Fane Lozman Fights Condo Manager Over Motorcycle Theft
Our favorite civic antagonist has a new
target. This time Fane Lozman is going after a property management
company in charge of his girlfriend's condominium on Miami Beach.
Back on Jan. 13, Lozman tells Riptide his 2009 Ducati sport bike
disappeared from the garage of the 9 Island Ave. building on Belle
Isle. So when he brought up the suspected theft at a condo board
meeting later that evening, he alleges employees of KW Property
Management & Consulting tried to shut him up and called Miami
Beach cops to have him kicked out for trespassing.
"They wanted to shoot the messenger,"
Lozman says. "They don't want people in the building to know the
The former Marine Corp. aviator, who splits his time between a house boat in North Bay Village and 9 Island Ave., says following his dismissal from the board meeting, condo manager Chris Crain called Miami Beach cops on him two more times.
Lozman claims Crain made sure to inform the 911 operator on Jan. 17, the third time cops were called, that he had to call police on two previous occasions to remove the city hall gad fly. Lozman alleges his motorcycle may have been stolen by construction workers renovating the condo's pool. "I was just trying to point out a major security problem," Lozman says. "Crain and his employer don't want hear about it."
When the officers showed up, Lozman claims Crain told them that he didn't have permission to be in the building. But the cops left after Lozman's girlfriend confirmed he stays with her occasionally and gets his mail at 9 Island Avenue. "It's unbelievable that KW would still retain Crain given his outrageous behavior."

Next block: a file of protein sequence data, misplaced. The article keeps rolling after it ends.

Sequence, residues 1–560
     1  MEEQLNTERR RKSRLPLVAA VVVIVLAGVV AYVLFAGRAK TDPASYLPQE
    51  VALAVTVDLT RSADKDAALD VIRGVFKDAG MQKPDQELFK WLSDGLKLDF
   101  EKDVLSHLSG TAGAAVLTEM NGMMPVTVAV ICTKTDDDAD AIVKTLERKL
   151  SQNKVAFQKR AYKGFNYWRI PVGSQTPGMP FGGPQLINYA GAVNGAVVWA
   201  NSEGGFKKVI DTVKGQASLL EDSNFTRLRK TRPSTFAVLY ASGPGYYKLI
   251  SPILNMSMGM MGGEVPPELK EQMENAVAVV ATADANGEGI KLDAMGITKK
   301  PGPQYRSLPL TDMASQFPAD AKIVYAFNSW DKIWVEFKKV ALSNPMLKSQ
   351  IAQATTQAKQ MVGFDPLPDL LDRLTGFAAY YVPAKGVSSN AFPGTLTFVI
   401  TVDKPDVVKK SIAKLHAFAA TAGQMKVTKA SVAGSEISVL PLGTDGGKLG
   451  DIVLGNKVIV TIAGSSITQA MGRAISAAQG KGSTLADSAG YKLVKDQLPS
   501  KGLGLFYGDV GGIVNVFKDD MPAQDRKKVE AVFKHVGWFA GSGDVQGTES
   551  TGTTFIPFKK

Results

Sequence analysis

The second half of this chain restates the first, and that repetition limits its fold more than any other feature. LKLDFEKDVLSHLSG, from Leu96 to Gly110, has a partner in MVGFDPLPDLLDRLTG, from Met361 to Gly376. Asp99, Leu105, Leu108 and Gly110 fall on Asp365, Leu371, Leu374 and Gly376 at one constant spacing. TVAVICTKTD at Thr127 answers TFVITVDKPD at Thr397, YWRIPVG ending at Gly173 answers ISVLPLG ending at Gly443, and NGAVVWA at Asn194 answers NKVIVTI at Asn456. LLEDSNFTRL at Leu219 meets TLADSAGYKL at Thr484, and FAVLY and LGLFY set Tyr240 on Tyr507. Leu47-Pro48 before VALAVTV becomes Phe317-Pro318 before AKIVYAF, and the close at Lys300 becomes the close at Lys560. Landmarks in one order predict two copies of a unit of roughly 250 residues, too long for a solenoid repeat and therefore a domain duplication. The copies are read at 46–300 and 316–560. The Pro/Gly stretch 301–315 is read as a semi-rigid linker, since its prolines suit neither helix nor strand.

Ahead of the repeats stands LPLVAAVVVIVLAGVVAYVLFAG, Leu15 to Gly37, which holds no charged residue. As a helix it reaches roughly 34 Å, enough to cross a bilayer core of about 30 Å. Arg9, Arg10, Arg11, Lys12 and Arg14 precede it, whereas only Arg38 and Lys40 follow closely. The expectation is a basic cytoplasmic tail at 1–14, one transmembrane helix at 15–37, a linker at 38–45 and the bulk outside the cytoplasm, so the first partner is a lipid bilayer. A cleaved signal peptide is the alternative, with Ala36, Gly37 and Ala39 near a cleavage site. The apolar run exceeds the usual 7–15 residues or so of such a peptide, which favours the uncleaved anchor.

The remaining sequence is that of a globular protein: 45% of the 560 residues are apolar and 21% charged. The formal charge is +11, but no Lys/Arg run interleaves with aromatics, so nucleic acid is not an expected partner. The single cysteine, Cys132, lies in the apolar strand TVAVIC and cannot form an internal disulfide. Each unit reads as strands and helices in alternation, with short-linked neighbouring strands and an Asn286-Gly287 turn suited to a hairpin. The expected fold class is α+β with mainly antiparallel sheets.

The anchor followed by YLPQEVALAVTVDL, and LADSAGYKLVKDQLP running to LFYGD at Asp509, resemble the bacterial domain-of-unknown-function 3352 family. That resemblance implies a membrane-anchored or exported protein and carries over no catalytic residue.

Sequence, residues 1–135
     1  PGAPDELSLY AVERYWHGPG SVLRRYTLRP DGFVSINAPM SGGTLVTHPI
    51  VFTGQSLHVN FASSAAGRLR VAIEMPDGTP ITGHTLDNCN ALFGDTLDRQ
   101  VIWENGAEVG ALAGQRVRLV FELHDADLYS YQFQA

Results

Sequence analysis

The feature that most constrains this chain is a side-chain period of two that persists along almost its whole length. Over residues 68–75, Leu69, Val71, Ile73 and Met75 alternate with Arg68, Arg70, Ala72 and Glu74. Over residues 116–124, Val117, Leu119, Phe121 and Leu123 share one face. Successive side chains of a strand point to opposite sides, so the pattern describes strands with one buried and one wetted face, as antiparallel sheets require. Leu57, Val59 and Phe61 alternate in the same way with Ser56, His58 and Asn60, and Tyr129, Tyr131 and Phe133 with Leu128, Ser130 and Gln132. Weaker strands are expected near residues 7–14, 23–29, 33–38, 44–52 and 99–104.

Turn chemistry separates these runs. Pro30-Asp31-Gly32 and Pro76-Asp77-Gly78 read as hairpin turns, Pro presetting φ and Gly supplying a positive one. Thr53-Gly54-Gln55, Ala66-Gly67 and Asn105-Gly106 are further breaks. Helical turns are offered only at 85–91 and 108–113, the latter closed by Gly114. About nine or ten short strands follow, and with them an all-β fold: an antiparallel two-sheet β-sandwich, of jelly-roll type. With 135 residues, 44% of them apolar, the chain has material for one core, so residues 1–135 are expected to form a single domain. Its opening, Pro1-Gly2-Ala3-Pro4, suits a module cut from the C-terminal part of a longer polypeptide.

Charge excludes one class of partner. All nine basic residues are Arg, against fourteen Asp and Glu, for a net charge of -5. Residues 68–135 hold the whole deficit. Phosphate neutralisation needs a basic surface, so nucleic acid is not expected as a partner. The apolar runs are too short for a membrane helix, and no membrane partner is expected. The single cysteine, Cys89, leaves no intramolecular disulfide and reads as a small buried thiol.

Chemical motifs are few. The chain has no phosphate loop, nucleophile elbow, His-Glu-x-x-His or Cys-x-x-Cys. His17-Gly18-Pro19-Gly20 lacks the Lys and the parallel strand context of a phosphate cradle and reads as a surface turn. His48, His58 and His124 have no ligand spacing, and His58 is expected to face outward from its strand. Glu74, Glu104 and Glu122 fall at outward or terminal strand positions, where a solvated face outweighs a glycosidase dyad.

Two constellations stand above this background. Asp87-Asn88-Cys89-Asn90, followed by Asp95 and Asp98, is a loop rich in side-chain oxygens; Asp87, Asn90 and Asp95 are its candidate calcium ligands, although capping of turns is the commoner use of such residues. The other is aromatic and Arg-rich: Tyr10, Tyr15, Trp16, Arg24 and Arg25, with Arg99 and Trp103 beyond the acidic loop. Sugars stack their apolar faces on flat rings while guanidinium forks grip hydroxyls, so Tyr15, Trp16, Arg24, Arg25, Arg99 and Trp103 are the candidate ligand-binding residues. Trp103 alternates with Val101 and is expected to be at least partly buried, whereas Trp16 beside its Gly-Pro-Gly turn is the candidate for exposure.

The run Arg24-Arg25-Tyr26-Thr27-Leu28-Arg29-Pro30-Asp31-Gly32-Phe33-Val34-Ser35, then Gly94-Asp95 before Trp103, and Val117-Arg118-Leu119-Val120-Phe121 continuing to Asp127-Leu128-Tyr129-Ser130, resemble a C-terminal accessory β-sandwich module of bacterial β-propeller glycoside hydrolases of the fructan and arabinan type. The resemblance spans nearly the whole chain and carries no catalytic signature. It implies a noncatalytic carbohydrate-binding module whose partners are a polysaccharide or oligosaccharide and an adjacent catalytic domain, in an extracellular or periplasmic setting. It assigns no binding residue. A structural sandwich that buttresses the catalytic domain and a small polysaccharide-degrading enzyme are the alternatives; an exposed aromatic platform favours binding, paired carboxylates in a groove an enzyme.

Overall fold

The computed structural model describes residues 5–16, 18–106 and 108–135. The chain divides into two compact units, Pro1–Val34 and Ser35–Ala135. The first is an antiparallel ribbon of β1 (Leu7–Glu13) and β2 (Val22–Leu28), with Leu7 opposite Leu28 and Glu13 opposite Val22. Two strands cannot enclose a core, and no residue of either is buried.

Now Lozman is demanding an apology from KW's owner Paul Kaplan. He also wants Kaplan to send a apology letter to Miami Beach Police for wasting their time. Crain could not be reached for comment. Kaplan referred calls to his company's lawyer, Frank Simone, who refuted some of Lozman's complaint.
"He is not a unit owner," Simone asserts. "And he's been a little disruptive on more than one occasion." Simone says he understands that Lozman may be upset that his motorcycle was stolen, but that after reviewing security video footage, there was no evidence his Ducati was stolen from the garage.
That's because the video had already been recycled by the time KW officials decided to review the tapes, Lozman retorts. And it's not about his motorcycle, he adds.
"These big property management companies is that they don't want to spend for additional security to keep an eye on workers during a renovation until something happens," Lozman says. "There have been other complaints since my motorcycle was stolen and now they have a new security guard watching the entrance and exit of the garage. That's proof I was right."
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